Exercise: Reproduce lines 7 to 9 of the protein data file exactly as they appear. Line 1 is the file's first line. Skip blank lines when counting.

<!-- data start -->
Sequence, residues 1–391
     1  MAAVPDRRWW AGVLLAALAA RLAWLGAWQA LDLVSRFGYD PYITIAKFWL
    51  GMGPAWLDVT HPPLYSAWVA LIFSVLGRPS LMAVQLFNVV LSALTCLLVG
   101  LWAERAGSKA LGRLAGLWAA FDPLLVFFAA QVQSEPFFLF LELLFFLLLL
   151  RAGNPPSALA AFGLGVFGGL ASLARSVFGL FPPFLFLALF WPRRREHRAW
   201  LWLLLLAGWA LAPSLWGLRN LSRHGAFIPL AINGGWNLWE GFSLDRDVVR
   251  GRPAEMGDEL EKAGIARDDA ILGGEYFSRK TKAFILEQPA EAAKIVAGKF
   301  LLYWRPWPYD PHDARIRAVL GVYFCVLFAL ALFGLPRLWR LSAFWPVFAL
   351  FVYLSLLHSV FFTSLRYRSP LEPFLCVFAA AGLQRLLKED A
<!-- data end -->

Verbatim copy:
   251  GRPAEMGDEL EKAGIARDDA ILGGEYFSRK TKAFILEQPA EAAKIVAGKF
   301  LLYWRPWPYD PHDARIRAVL GVYFCVLFAL ALFGLPRLWR LSAFWPVFAL
   351  FVYLSLLHSV FFTSLRYRSP LEPFLCVFAA AGLQRLLKED A